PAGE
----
A carrier bag for the planet

Via a convoluted route through the internet, I discovered Ursula K Le Guin’s article on the Carrier Bag Theory of Fiction.

This is great. It chimes perfectly with my views on what I studied about prehistory and human evolution and how agriculture developed.

We forget what is lost in the decay of time, and come to believe it never existed. Carrier bags, for example.

We find ancient amulets, their edges worn smooth from years of gentle abrasion inside a leather pouch. We discover ancient baskets, ancient bowls, in dry places far apart across the globe – Chile, Egypt, Siberia.

Never mind the folk who pop up to say “what about teh leatehr used to make teh bag dint u need to kill an animal to skin it so u need weapons lol”.

You don’t need a leather bag.

You can weave a bag with whatever’s to hand. You pick up a big leaf, and fold it in two, and you have a carrier.

All things organic decay. Bones and stones are left. We treat as special the ivory carvings from the Palaeolithic because – along with cave paintings – they’re all the art we have left from those times.

They are special.

“Venus” of Brassempouy, her hair in woven braids

But you don’t start carving ivory, or bone. You start with something softer.

You start with wood.

You don’t start making bowls from fired ceramics. You start with something softer.

You start with wood.

And you don’t make bags from tanned animal hides that take weeks to cure. You don’t even start with knotted sinews or strands of rawhide.

weaving esparto grass, Spain

You start with something easy.

Something to hand when you’re gathering things you need a bag for.

No, not wood this time – you start with grass, or reeds, or whips of bark stripped from suitable trees.

You weave.

You knit.

You knot, and net, and crochet.

You make boxes from birch bark.

This carrier bag approach is hidden but it’s close to how we began.

We talk of the first settlements, and why they appeared when they did, where they did, without considering the precursors to a village with farms that need protection.

For centuries before the farms were needed, we chose the seeds to keep and the seeds to ditch.

We bred the wheat from abundance, not scarcity. We picked the seeds from wheat and barley over thousands of years, each time choosing what pleased us, and the seeds we left behind became next year’s crop.

Somehow, someone, at some point – and it’s likely to have been an intelligent woman – said to themselves: “Hmm, this stuff keeps coming up, and it’s a pain in the grass to harvest the grains in ones and twos, why not see if some of those freaky ears with double rows will grow as well as these.”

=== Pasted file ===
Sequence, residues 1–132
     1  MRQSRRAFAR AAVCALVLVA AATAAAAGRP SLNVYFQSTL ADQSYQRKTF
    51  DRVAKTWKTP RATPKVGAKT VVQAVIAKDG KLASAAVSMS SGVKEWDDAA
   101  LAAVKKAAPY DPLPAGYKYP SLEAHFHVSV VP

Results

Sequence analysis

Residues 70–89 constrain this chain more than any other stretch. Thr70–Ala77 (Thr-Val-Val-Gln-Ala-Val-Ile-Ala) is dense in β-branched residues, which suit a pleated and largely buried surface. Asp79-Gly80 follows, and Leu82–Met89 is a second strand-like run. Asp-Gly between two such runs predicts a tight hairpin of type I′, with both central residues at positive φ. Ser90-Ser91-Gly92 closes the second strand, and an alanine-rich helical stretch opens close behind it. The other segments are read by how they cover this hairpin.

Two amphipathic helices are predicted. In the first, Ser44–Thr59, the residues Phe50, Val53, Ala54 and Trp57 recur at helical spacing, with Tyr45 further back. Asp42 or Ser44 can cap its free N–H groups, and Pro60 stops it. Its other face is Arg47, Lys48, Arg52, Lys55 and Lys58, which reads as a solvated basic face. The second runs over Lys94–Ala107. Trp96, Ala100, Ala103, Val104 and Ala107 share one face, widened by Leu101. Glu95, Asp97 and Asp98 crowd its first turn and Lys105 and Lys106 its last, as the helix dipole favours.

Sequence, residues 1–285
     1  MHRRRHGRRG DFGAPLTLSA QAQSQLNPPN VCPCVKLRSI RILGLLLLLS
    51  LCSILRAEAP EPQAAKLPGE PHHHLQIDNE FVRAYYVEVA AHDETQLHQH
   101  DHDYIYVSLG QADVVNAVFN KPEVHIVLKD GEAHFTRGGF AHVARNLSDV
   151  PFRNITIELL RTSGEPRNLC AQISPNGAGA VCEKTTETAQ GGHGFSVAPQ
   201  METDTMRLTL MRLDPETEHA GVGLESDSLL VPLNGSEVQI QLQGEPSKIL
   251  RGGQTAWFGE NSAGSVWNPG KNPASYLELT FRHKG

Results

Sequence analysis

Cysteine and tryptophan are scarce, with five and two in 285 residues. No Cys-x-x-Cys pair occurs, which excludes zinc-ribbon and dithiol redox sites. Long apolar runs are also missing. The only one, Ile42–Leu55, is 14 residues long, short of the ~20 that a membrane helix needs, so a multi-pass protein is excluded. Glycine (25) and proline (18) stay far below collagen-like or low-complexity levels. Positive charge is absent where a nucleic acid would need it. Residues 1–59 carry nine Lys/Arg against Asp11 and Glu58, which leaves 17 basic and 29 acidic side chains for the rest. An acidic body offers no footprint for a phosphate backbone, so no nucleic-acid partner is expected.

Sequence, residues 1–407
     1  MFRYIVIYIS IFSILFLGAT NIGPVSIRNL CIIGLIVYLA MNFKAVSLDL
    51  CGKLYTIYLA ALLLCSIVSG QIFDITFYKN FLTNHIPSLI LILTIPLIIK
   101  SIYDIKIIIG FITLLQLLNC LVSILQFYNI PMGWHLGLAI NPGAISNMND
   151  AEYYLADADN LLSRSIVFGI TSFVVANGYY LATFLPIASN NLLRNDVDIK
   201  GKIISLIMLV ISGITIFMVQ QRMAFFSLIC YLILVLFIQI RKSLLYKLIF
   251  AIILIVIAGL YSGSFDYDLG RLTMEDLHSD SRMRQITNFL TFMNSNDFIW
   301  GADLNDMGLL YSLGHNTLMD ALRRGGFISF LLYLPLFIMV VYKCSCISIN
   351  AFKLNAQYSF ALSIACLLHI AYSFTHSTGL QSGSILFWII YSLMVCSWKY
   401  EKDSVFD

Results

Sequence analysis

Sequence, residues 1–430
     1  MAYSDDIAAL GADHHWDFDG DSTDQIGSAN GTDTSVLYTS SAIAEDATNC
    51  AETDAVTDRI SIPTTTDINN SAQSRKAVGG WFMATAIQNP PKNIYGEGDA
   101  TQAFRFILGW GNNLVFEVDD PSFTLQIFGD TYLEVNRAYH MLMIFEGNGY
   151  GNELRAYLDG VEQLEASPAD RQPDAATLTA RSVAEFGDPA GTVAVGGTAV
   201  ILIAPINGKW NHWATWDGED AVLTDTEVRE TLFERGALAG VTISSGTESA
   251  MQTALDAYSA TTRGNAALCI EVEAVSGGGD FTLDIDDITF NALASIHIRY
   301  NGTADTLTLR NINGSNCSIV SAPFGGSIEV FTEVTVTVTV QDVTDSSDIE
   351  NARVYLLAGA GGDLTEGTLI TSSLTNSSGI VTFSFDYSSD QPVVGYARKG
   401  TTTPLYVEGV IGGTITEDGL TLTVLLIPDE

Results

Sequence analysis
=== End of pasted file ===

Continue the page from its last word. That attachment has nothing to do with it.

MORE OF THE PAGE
So the process begins.

Lo, the wheat germinates and grows, and produces more double row wheat.

ears of wheat
landrace wheat, England

Our Gatherers like this. It takes less time to harvest a handful of grain. That’s more time to sit round the fire gossiping, or taking a swim, or staring at the sky while stoned and giggling.

Time moves on. The double wheat is fine.

Slowly the climate changes, the plants become less abundant and we start to worry there won’t be enough for everyone.

Year by year, we stay longer at the wheat site.

We take care of those little grains.

At some point, we leave a group of folk behind to look after the wheat fields. These might have been blokes. Let’s pretend they were.

Now, it isn’t much fun guarding wheat fields. You sit around all the time chasing away hungry birds and mice. You wave wildly at wandering goats to keep them off the crop. You wonder how the women are getting on without you.

Once in a while, some of you go off into the mountains and take potshots at ibex with a slingshot.

You see huge animals down in the valley eating grasses you can’t eat yourself.

You head down there to see what’s happening – to see what they are – and your mates dare you to climb onto one as if it were a pony (maybe it even is a pony, who knows, this is fiction).

You’re bored. You have a go. If you’re lucky, you fall off without being gored, or trampled, or crushed.

You start to tell stories about your once-in-a-lifetime trip to the valley of the horses, mammoths, whatever.

When the women come back from whatever they were up to (wimminz things, clearly, and no business of yours) you tell them of your Fabulous Adventures Taming Wild Mammals With Your Bare Hands.

They stand there and look at the wheat, and maybe they say “good job”.

Maybe not.

And then winter comes on, after the harvest, and this year it’s colder than ever. Your shelter just isn’t enough. Your tribe cuts down more trees, and builds a wee hut, and hunkers down there in the dark.

Once in a while you set your wee hut on fire, when you’re tired or stoned or just careless. Eventually you run out of trees and build a hut in bricks, made of mud, and then you start to leave archaeological traces we pick up on thousands of years in the future and *suddenly* farming begins.

And the women still walk to the valley beyond with their children in slings on their backs, digging sticks at the ready, their woven weed bags filled with grain for the feast and their voices raised in song.

Feminist archaeology, in the 1970s, asked who was keeping the armies alive when the menfolk went off to fight battles. They asked who kept hold of the slaves when Caesar was bedding Cleopatra; who turned over the soil when the army was parked outside Troy.

women at harvest with an ox-drawn cart

We hear and read so much about history from only one perspective.

The history of what goes on behind the scenes, underpinning society, holding the fort while others go off to war, isn’t the narrative we’ve been sold.